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Avenue Arts Venue is hardly Santa’s Toy Shop, but it does have colorful toys on display in its window. Avenue Arts is a funky storefront just a block away from Fair Park, and it’s where Edward Ruiz makes and sells what are called “art toys” or “designer toys.” The storefront is the 36-year-old’s art gallery, studio – and home.
WEEKS: [footsteps] “This is the studio space?
RUIZ: “This is the studio space, and there’s a lot of little projects going on in various corners of the room. If you go past the dinosaur and take a quick right, you’ll start getting into my apartment.”
The dinosaur looming in the corner is a nine-foot-tall Allosaurus. It’s from the Museum of Nature & Science in Fair Park. Ruiz worked there helping to replace outdated science displays, and he learned how to cast figures in resin. That’s what his 5-to-7-inch-tall toys are made of. Laid out on his work table in his studio space are the green, rubbery, silicon molds that are used to hand-cast the figurines.
Avenue Arts’ current exhibition is called “Toy Show” and it features toy designs from half-a-dozen artists – including several from North Texas, such as Jason Ice and Scott Higgins (a.k.a Monster Bot). They’re all part of an elaborate toy sub-culture that spans the globe, yet you won’t find their toys at Target or Gamestop. Designer toys are hand-painted, custom-made, limited-editions. They’re oddball monsters, cartoony creatures or humanoids shaped like big-headed babies. Some are political or celebrity caricatures. And they can sell for hundreds, even thousands of dollars.
The market for designer toys began in Hong Kong in the ’80s and ’90s when artists started radically reconfiguring GI Joes and Star Wars figurines — and they found that art galleries were interested in them. But it was in Japan where the toys really took off. They became part of what the Japanese call “otaku” or “geek culture.” (Otaku refers derisively to a “homebody” — implying the typical teenager still living with his parents.) Otaku is the term for the entire, obsessive, collectible mix of comic books, animated movies and video games that has infiltrated American popular entertainment the past decade.
Ruiz explains the adult appeal of designer toys as a more sophisticated version of playtime.
RUIZ: “When you’re a child and you’re restricted to your home and all that kind of stuff, when you take a toy, you can be or go anywhere. That playfulness still exists in these figures. You can put all that imagination and all that art into something like one of these toys.”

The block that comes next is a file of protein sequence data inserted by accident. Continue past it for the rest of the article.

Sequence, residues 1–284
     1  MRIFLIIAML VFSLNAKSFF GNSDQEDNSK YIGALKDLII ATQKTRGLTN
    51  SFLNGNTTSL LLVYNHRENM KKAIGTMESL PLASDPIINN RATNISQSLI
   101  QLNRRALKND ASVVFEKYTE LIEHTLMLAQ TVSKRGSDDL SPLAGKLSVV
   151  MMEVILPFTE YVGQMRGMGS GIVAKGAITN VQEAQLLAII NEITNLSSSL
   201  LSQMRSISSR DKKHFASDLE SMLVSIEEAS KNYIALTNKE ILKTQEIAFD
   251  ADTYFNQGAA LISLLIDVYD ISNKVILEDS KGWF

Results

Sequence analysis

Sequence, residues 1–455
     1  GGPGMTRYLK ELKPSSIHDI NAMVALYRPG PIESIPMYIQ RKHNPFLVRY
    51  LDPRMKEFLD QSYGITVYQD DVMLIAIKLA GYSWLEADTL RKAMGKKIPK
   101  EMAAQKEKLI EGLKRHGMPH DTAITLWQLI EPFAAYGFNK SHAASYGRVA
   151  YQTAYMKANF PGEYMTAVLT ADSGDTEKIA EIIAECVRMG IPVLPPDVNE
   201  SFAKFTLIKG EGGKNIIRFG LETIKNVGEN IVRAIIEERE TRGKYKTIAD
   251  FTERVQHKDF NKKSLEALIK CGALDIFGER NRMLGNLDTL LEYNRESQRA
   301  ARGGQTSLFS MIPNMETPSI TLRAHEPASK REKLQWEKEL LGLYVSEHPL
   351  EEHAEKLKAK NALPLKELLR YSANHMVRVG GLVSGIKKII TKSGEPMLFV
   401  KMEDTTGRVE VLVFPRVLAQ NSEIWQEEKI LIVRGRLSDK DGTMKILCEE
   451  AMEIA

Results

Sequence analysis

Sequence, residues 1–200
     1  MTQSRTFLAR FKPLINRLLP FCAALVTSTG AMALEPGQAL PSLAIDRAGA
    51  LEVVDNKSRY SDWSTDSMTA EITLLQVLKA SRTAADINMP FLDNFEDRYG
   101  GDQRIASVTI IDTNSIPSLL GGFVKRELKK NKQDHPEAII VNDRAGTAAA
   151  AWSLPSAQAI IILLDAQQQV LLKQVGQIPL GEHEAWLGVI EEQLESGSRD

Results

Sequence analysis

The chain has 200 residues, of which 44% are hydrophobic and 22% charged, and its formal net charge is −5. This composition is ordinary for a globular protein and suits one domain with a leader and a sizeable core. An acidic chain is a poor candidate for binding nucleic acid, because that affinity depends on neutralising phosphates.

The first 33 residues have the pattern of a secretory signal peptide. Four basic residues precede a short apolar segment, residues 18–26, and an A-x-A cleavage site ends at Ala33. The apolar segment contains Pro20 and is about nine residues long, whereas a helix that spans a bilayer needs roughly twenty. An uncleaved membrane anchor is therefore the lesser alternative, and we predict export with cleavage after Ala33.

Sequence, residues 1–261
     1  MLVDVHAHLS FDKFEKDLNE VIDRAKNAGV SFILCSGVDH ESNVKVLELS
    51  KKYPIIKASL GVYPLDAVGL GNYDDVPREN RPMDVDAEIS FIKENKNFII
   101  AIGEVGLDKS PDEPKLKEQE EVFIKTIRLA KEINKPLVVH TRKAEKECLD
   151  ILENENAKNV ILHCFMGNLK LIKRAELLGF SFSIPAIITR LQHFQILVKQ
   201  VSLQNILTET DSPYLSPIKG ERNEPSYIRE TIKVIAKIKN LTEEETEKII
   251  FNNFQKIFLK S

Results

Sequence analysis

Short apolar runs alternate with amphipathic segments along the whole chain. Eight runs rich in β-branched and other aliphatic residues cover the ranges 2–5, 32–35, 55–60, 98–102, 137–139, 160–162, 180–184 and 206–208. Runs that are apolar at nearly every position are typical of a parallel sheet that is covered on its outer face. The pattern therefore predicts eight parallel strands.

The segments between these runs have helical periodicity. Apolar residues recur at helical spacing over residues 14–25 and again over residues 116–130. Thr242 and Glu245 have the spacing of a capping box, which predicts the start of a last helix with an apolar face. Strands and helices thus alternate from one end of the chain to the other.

In fact, many designer toys expressly channel childhood fears, fantasies and favorites (like food or fur). Those toys that embody huggable innocence the Japanese call kawaii — meaning “cute” — which encompasses everything from the whimsical to the outright kitschy, especially when it comes to “plush” or stuffed-fabric toys. But many artists take the childlike and give it a strong shot of monster-movie grotesquerie or adolescent sarcasm. Think of the hot rod “car-toons” from the ’60s — by artists like Ed “Big Daddy” Roth, creator of Rat Fink.
For his part, Ruiz’ most successful effort so far is a pair of figures, Cymon the monkey and Reggie the raccoon, who recall classic Warner Brothers characters like Bugs Bunny. They also have a sleepy-eyed sense of threat. Dressed in black and wearing a beret, Cymon can appear Gallic and bohemian, even as he hefts a monkey wrench, looking as if he just mugged someone with it.
Nowadays, the Museum of Modern Art in New York has designer toys in its collection. Art Basel, the international art fair in Miami, has devoted galleries to them.
Paul Budnitz (right) founded Kidrobot seven years ago to sell designer toys, apparel and accessories. Kidrobot now has five stores around the country, including the newest one which opened in July in Dallas at Mockingbird Station (below left).
BUDNITZ: “I honestly think it’s good design. It’s sort of like new pop art sculpture, really.”